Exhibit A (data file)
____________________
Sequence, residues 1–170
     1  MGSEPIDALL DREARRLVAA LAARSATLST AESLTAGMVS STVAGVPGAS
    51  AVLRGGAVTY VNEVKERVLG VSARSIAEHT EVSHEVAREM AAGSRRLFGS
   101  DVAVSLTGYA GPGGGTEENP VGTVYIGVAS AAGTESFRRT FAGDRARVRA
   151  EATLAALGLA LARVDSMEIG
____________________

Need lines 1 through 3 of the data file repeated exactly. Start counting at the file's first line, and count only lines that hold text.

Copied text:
Sequence, residues 1–170
     1  MGSEPIDALL DREARRLVAA LAARSATLST AESLTAGMVS STVAGVPGAS
    51  AVLRGGAVTY VNEVKERVLG VSARSIAEHT EVSHEVAREM AAGSRRLFGS